Background: Preeclampsia is one of the most common and serious complications of pregnancy. Various reports have demonstrated that disturbances in angiogenic and antiangiogenic factors are implicated in its pathogenesis and have possible relevance in its diagnosis and prognosis.
Methods: In this case-control study, we enrolled 73 patients with 34 preeclamptic cases diagnosed according to clinical criteria and dosing of proteinuria. The cases were matched to controls at the same age and parity. Controls had normal tension and no apparent risk factors for preeclampsia. The dosage of PLGF and sFlt - 1 were performed and correlated to the clinical issue of each group.
Results: Our results show a significant decrease in PLGF levels in the cases compared to the control group (average PLGF levels in cases 28.3 pg/mL vs. 664.52 pg/mL in controls); p = 0.0006. sFlt-1 level was significantly higher in cases compared to controls. The average sFtl-1 levels in cases was 5780.72 pg/mL vs. 1886.05 pg/mL in controls; p = 0.0008. The (sFlt-1/PLGF) ratio was significantly higher in cases compared to controls (mean ratio of sFlt-1/PLGF cases is 884.12 pg/mL vs. 12.12 pg/mL in controls); p = 0.0002. Patients who developed a complication had a ratio of sFlt-1/PLGF higher than the rest of patients in the severe preeclampsia group (mean ratio of sFlt-1/PLGF 2727 pg/mL vs. 1207.41 pg/mL). The higher the ratio of sFlt1/PLGF, the shorter the period of fetal extraction was (24 hours to a ratio of 2159.16, 48 hours for a ratio of 811.9, more than 48 hours for a ratio of 184).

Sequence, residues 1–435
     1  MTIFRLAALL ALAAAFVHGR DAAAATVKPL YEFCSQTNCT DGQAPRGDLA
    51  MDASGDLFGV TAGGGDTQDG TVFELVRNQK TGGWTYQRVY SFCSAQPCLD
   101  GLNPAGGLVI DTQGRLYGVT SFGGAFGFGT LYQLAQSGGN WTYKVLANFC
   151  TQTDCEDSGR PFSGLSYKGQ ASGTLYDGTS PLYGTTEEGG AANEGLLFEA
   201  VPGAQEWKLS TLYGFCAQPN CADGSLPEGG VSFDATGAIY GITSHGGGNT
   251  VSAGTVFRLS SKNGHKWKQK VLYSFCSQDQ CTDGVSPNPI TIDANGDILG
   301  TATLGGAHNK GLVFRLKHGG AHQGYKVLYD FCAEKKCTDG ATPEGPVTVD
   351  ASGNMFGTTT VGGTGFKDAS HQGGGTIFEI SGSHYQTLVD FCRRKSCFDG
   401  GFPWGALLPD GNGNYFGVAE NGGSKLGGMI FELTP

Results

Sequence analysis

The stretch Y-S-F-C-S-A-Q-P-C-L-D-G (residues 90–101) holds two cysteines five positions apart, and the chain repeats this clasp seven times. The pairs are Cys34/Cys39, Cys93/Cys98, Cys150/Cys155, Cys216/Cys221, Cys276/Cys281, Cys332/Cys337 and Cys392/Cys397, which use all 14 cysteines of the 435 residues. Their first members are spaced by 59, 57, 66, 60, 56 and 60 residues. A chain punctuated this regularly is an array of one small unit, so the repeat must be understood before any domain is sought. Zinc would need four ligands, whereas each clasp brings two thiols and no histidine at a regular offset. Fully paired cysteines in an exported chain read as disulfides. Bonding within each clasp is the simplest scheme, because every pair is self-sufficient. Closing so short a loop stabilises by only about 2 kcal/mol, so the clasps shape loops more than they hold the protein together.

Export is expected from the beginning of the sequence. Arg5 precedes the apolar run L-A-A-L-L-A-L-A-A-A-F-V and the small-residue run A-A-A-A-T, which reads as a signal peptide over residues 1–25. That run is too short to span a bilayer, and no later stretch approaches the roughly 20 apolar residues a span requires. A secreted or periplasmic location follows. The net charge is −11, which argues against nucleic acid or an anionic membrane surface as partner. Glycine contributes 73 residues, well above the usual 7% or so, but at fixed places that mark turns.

Conclusions: PLGF and sFtl-1 could allow discrimination of women with normal pregnancies from those at high risk for developing pregnancy complications. Their ratio may have a value for the diagnosis and prediction of pregnancy outcome.